ALBALA: In ancient Greece, there’s an elite and they decided for various purposes, medical reasons, citing, you know, indigestibility and your need to have a—to do a lot of labor to, to digest the plate of beans. So, so it’s sort of built into the medical theory that only laborers and people who get a lot of exercise should eat beans. People who are delicate and thinkers, you know, should sit aside and, and consume other things that are easier to digest. And that’s in, you know, Hippocrates, it’s in Galenic theory. And beans as just being indigestible and they keep that reputation right up in through—well right to modernity really.
TWILLEY: And when Ken and Hippocrates say indigestible, we all know what that’s a euphemism for.
BART SIMPSON: Beans, beans, the musical fruit. The more you eat, the more you toot!
GRABER: Thanks, Bart. But it’s not just about the farts—though don’t worry, we will come back to the question of whether you can have your beans and not fart, too. But the other things beans have going for them and against them is that they’re a pretty cheap source of protein. They’re much cheaper to grow and raise than cows or sheep or pigs.
TWILLEY: And so people eat a lot of beans until they get richer or they find ways to make meat cheaper.
ALBALA: And I think whenever meat becomes really inexpensive, people eat more of it. It tastes good, apparently. And beans are, a reminder of what you had to eat before you could afford meat. So it makes perfect sense that as meat consumption goes up, bean consumption goes down. And this is happening pretty much around the world right now. You know, it happened in the US more than half a century ago.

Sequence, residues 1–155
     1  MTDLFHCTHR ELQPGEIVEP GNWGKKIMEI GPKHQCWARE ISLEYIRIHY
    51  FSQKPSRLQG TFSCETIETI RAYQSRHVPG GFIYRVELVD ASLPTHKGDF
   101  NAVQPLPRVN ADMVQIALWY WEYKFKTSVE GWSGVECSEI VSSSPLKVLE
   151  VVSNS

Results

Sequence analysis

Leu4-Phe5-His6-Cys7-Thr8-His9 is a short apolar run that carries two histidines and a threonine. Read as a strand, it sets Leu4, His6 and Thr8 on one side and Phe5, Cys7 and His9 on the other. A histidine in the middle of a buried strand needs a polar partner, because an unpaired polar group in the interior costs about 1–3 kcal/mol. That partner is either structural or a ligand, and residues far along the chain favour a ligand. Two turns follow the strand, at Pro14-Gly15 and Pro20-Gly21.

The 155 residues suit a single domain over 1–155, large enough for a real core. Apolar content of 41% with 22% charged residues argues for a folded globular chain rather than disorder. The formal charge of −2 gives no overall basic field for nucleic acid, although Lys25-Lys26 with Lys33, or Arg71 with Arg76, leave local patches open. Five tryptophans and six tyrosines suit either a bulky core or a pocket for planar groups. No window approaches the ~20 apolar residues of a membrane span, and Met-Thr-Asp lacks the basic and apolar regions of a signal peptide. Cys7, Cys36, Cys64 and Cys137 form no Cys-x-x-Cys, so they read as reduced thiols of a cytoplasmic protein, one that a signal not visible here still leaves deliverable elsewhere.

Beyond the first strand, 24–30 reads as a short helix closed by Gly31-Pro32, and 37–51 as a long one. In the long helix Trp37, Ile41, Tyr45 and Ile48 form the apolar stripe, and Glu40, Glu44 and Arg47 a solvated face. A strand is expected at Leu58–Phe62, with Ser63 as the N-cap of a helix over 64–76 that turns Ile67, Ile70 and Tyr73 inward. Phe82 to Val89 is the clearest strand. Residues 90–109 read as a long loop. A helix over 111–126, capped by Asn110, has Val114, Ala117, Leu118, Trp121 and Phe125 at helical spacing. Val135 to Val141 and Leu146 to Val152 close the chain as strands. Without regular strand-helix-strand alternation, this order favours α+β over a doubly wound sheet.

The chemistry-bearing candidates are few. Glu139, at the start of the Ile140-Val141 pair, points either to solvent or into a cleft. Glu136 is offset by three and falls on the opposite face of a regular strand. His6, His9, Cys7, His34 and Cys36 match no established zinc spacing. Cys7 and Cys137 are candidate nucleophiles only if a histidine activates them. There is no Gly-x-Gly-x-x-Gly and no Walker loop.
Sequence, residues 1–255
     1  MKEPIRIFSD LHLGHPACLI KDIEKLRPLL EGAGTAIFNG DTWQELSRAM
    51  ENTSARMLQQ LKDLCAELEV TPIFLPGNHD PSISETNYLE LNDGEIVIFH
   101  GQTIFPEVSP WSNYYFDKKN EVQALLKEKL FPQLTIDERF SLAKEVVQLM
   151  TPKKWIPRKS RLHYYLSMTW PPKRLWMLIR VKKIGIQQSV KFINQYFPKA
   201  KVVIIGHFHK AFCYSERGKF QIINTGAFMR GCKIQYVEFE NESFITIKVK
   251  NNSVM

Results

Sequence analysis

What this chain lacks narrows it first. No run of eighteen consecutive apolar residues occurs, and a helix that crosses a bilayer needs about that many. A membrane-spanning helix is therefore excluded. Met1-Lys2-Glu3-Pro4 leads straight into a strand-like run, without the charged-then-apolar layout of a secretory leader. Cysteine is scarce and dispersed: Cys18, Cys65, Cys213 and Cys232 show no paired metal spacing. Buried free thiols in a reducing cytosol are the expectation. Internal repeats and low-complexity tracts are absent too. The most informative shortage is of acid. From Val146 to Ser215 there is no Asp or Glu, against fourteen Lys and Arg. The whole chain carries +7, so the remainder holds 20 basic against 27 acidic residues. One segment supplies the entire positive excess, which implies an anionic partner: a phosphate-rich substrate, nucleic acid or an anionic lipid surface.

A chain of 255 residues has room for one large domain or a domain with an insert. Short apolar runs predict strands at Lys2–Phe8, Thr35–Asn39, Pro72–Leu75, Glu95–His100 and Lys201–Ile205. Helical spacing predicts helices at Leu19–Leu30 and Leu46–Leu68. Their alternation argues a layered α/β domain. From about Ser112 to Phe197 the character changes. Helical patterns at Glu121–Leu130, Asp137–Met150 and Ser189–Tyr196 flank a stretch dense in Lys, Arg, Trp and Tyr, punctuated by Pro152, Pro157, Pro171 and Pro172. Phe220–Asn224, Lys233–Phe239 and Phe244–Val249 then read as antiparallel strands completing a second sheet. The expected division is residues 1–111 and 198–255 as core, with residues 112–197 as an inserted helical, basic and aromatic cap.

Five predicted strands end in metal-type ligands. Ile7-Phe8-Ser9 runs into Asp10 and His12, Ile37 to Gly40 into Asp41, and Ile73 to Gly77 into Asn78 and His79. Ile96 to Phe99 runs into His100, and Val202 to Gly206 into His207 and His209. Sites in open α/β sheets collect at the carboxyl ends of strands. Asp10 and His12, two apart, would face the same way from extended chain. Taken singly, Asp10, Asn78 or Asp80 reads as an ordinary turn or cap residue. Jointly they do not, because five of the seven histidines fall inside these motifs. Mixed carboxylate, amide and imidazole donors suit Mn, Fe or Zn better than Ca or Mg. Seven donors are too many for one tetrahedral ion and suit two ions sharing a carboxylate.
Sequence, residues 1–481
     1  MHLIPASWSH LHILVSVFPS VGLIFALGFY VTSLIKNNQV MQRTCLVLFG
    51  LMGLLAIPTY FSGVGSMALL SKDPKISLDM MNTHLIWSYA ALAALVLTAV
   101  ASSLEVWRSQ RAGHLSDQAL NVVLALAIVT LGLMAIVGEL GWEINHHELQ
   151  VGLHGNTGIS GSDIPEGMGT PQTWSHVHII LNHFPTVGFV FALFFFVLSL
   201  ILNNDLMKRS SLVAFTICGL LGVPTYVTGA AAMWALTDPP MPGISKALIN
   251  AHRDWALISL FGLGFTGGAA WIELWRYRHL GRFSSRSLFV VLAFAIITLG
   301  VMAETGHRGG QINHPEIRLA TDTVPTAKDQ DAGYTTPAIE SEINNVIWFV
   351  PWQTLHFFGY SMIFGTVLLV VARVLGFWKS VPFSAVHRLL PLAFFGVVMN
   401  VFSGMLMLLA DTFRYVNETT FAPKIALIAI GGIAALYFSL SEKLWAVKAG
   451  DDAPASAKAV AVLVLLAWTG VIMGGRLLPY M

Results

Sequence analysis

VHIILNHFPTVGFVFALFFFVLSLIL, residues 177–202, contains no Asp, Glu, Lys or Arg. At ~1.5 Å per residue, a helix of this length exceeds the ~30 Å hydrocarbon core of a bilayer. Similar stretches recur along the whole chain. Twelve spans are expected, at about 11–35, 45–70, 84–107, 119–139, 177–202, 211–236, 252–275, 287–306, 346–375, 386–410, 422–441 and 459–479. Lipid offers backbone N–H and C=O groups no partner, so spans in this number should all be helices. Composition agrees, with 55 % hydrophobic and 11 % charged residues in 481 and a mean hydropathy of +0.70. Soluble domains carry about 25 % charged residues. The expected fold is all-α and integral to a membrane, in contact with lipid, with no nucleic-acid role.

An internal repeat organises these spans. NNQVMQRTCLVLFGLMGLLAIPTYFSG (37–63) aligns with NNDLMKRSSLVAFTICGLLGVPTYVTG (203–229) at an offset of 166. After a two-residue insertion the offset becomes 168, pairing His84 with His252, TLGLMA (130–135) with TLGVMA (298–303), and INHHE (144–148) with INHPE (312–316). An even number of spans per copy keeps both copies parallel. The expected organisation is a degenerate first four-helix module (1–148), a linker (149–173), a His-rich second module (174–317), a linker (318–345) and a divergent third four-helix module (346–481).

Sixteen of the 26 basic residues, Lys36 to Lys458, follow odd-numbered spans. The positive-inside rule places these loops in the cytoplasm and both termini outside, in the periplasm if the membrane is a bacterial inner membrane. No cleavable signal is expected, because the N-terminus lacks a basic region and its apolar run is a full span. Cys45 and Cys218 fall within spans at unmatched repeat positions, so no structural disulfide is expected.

TWILLEY: All round the world, even historically, Ken says the elite who could afford meat, ate meat, rather than beans. And so beans were almost always associated with people who weren’t wealthy enough to buy meat—ie, the poor.
ALBALA: So it gets this kind of social stigma in places where there’s a very stratified very differentiated ways of eating by social class.
GRABER: Like Europe, and then in the US.
ALBALA: In places where beans are the staple are absolutely essential to the cuisine—Mexico is a great example, India is a great example—beans don’t get stigmatized because everyone eats them. And in fact, in India it’s even more interesting because they, you know, the highest brahmins don’t eat meat. They’re vegetarians. And so beans—daal, you know, lentils and, and other beans become essential to the diet. And so that’s the weird exception historically. But if you look at Europe, you look at North America, you look at any place where meat is available to the wealthy. Well, beans get the stigma as being peasant food.